Wednesday 25 Nov 2020 | 01:13 | SYDNEY
Wednesday 25 Nov 2020 | 01:13 | SYDNEY

Email of the day: Why are we getting out of the EBRD?


Sam Roggeveen


25 February 2008 09:52

Peter McCawley writes:

Steven Grenville's observations on the decision by the Australian Government to withdraw from the EBRD prompt the questions: why, exactly, did the Australian Government decide to withdraw?  And what will the consequences be? The answers to these questions are not clear.

In considering the idea that Australia should withdraw from the European Bank it's useful to be clear on what the bank is. The EBRD – like the World Bank and the Asian Development Bank – is an international state-owned financial enterprise. It is both a development bank, established to promote the goal of stimulating investment in poorer countries in Europe (especially eastern Europe), and also a forum where governments discuss broader issues relating to challenges of development in poorer European countries.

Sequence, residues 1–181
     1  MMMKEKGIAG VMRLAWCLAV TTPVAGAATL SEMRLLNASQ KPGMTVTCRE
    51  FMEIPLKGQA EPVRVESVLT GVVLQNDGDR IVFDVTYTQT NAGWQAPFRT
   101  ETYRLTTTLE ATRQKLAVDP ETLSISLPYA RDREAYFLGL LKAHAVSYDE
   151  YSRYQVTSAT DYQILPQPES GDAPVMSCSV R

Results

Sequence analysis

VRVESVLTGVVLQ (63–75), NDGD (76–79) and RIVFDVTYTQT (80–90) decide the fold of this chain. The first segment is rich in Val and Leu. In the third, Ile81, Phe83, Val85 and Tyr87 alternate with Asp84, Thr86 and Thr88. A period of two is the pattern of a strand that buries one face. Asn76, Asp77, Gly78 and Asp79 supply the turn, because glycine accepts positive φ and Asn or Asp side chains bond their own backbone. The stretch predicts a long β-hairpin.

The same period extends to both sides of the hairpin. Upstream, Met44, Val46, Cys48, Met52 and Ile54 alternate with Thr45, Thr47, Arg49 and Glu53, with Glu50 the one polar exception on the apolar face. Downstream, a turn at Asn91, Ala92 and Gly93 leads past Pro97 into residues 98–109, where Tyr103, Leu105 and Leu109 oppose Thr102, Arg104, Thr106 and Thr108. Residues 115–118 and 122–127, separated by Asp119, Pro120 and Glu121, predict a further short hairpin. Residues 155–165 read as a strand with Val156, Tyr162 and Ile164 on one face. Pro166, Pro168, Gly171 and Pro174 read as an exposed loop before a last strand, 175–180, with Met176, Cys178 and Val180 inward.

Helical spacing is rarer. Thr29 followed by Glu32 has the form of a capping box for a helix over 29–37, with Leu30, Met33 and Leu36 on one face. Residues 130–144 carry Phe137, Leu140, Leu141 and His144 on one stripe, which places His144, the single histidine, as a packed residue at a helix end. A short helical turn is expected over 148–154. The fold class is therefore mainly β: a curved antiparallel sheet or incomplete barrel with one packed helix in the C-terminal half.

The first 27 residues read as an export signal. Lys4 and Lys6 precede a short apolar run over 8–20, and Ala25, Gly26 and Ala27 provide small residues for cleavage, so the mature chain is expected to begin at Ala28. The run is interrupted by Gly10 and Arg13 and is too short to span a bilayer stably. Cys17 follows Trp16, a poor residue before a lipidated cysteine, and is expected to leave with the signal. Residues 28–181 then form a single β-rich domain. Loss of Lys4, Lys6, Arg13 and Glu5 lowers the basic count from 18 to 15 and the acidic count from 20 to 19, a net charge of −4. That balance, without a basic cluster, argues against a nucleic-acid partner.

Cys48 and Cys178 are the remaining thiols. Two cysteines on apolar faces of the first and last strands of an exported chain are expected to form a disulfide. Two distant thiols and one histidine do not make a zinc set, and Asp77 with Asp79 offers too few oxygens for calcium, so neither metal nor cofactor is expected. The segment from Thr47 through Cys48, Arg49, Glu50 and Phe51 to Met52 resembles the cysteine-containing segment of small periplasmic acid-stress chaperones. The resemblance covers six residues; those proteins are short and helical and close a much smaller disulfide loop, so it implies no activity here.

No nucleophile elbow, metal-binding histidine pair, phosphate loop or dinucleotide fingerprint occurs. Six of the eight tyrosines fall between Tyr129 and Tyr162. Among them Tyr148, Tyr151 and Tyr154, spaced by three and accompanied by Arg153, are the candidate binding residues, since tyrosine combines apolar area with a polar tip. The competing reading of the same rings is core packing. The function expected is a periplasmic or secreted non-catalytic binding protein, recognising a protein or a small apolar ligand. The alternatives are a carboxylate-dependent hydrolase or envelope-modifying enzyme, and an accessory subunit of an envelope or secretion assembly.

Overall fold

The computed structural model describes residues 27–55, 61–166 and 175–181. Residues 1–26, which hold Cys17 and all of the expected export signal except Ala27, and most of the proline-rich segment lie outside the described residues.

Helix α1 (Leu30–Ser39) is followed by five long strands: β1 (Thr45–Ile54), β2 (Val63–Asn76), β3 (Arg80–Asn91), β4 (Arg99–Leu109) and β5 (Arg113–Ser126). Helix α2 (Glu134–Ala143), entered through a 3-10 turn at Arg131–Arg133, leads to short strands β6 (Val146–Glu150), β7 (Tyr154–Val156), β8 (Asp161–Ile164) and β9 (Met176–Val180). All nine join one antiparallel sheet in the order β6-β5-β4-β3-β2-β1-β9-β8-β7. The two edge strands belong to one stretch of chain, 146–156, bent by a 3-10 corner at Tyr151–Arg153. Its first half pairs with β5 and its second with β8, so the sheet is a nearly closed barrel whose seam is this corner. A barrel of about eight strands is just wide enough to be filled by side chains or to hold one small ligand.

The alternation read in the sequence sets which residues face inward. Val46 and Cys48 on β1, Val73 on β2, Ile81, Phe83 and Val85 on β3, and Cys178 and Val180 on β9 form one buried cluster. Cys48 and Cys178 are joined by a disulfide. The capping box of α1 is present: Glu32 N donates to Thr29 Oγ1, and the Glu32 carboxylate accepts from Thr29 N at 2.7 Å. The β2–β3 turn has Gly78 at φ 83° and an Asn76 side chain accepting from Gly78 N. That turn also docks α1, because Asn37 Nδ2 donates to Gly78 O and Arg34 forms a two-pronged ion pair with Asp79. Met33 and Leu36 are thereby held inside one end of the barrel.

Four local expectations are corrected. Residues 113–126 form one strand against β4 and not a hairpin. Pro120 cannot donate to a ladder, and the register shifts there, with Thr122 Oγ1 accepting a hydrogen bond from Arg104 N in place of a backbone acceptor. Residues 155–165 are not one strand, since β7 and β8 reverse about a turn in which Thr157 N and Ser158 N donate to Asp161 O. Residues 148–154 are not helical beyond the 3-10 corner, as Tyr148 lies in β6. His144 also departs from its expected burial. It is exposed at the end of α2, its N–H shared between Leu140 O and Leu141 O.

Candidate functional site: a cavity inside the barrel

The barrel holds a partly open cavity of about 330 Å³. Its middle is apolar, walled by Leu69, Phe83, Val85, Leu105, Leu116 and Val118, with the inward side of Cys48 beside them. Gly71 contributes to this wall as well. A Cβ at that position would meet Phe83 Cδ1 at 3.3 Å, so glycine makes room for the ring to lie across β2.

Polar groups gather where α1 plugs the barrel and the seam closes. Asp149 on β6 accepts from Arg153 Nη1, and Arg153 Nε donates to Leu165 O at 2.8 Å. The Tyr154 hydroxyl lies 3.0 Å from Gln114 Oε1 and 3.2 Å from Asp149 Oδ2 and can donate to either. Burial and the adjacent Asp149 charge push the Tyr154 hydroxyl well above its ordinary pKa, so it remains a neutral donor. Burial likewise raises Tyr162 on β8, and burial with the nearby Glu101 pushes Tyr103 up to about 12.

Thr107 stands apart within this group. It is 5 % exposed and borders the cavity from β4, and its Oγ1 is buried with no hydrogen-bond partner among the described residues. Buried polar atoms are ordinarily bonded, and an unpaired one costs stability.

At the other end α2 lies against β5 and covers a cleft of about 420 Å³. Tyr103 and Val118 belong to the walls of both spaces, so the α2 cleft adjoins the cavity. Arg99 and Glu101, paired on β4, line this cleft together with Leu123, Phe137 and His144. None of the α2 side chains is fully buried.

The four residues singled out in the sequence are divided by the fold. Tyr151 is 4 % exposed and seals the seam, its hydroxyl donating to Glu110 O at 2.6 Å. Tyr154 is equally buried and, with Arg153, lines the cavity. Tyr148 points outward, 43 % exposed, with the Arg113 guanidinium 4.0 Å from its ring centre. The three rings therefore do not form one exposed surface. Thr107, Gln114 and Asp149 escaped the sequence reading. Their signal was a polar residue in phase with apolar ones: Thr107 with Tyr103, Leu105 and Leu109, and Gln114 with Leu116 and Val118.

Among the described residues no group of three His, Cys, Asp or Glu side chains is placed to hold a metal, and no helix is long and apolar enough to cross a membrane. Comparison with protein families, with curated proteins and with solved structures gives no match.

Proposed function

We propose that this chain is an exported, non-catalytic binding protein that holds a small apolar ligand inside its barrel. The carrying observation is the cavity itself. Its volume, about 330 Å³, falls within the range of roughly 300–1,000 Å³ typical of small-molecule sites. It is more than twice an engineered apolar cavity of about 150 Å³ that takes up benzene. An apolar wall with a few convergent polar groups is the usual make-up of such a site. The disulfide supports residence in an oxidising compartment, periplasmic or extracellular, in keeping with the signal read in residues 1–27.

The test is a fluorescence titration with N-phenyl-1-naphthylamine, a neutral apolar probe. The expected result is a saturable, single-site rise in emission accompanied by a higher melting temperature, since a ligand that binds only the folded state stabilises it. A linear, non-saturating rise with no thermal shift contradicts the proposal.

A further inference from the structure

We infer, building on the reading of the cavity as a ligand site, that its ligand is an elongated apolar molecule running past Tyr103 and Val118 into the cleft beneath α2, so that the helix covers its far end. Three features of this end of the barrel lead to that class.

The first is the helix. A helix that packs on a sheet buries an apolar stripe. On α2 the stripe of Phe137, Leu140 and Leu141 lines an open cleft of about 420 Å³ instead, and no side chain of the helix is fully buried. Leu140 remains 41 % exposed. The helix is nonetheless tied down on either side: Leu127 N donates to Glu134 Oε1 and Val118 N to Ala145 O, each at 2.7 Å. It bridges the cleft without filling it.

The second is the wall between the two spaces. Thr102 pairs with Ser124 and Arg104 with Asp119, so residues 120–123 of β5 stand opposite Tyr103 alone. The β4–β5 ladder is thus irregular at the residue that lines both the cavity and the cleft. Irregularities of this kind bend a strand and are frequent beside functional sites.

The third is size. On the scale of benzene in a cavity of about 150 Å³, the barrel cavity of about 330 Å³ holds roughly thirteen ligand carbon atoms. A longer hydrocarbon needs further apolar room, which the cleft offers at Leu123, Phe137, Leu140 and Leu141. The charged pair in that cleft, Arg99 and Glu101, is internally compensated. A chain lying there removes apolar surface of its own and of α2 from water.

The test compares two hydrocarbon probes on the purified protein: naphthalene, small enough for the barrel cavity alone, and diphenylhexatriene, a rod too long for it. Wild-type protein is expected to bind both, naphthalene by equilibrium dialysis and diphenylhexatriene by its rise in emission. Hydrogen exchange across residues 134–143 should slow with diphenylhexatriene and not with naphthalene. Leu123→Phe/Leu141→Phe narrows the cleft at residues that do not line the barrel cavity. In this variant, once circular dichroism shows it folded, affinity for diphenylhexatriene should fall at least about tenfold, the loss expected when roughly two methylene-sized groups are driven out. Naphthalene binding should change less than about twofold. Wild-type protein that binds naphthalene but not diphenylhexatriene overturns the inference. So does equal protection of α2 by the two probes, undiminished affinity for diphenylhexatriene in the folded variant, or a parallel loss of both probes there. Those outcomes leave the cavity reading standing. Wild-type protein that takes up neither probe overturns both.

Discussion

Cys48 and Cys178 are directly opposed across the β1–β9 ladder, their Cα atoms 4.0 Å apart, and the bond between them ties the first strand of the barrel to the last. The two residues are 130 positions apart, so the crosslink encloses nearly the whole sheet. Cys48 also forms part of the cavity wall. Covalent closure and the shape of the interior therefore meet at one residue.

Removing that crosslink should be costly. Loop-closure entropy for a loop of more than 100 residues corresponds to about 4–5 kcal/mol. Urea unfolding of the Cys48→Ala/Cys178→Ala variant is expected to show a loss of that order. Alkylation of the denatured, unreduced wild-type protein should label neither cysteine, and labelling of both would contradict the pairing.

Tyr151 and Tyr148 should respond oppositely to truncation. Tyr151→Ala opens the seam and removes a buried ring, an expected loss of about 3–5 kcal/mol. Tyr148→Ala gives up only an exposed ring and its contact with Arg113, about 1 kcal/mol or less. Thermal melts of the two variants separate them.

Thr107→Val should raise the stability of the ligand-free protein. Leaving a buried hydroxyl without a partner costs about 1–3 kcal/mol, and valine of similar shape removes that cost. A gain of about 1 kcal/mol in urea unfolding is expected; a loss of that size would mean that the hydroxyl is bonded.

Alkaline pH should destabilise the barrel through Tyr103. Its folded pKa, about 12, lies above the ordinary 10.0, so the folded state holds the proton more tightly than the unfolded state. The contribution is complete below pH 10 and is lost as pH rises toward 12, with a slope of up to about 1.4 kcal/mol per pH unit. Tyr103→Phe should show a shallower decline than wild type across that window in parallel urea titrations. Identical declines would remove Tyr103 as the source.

As to the first question of why the Australian Government chose to withdraw, presumably the decision has been in the pipeline for a while. Governments do not withdraw from international organisations lightly. The announcement probably reflects doubts about Australia's membership harboured not only by the Rudd Government but the Howard Government as well.

As to the implications, in the short-term the consequences will be insignificant. The decision will be noted, and quietly commented upon, within restricted government (mainly treasury department) circles in the UK and Europe. The main longer-term significance, perhaps, is the signal that the decision sends to interested governments in Europe. But quite what that signal is is not really clear.  Hopefully, as Steve Grenville says, the message is that the Australian Government plans to give increasing priority to Australia's interests in Asia.